New Generation of Signal Lights: SLE161 and SLE162, Even More Visible
To ensure that passengers on buses and trains always know when the door is opening or closing, signal lights are popular. TSL-ESCHA is now launching the next generation of signal lights: the SLE161 and SLE162 replace the previous SLE160. Thanks to new, efficient LEDs, the signal light is even easier to see and illuminates more homogeneously.
Inside public transport vehicles, the SLE161 and SLE162 are often used to signal the status of doors. Outside, the product can additionally be used as a direction indicator as well as for signaling standardized signals (for example, passenger emergency light or open door indicator light).
Due to their extremely flat, compact design (only 15 mm high), the SLE161 and SLE162 lights can be used in a variety of ways and impress with their modern design. The rounded design of the housing ensures optimal visibility, because the warning signal is excellent to see from different perspectives. All variants are available with a nominal voltage of 24 VDC or 110 VDC. The IP67 degree of protection can be selected for outdoor use of the signal light, IP44 is sufficient for indoor use. Two mounting options (front or rear) are available. An optional mounting adapter is available to easily replace that have already been installed without having to drill new holes or seal openings. The black colored adapter increases the contrast and also allows the signal light to protrude by 26 mm, which further increases lateral visibility.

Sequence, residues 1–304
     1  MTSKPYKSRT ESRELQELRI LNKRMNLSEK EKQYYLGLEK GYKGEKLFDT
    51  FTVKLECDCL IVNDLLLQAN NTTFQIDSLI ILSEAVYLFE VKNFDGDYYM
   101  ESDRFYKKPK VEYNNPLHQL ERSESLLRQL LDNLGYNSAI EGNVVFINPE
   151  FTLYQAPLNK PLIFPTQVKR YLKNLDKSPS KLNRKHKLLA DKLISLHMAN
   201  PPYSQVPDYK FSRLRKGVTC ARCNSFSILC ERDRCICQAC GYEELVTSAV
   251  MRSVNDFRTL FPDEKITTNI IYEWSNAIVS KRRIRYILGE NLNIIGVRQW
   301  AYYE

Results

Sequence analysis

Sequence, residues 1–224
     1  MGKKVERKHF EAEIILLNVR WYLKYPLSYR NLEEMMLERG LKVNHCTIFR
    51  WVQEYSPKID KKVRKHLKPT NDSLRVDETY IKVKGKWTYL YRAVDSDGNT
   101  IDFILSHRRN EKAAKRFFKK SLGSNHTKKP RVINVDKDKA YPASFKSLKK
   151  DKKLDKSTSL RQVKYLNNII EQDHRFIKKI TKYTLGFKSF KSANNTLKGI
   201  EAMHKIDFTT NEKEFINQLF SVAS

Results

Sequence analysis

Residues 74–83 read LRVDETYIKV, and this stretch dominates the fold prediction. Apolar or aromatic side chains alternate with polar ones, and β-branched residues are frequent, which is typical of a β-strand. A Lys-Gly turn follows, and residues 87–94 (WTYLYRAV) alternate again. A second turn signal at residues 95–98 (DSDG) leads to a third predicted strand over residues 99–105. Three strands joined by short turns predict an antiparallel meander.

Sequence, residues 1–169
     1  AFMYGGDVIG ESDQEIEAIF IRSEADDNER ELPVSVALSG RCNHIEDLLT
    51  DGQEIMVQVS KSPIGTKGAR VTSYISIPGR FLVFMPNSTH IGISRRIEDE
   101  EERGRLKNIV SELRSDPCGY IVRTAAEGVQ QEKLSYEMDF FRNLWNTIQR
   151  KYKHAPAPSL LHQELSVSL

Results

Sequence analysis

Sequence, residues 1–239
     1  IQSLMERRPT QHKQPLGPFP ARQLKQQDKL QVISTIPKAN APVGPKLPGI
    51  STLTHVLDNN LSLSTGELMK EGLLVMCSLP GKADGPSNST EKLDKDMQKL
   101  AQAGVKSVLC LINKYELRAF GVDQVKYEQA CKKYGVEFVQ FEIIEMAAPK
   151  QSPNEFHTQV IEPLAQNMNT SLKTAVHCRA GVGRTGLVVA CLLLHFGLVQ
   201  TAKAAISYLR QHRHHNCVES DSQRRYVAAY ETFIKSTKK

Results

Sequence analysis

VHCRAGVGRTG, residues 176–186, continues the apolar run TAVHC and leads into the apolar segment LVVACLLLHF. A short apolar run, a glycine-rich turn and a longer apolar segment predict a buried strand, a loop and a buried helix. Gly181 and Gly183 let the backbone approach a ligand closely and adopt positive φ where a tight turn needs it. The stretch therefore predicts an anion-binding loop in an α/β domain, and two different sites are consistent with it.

SLE161: Variant with 10 LEDs. The modern and further developed SLE161 is the successor to the previous SLE160. As with the SLE160, a lateral reflector can be selected for even better lateral detectability. In appearance, the SLE161 differs insignificantly from the previous model.
SLE162: Version with 20 LEDs for even more uniform and homogeneous illumination. It is also possible to use 2 x 20 LEDs with two colors (red/green or red/white) to indicate different states. A white cover is then used for this.
This article was originally published by TSL-ESCHA.
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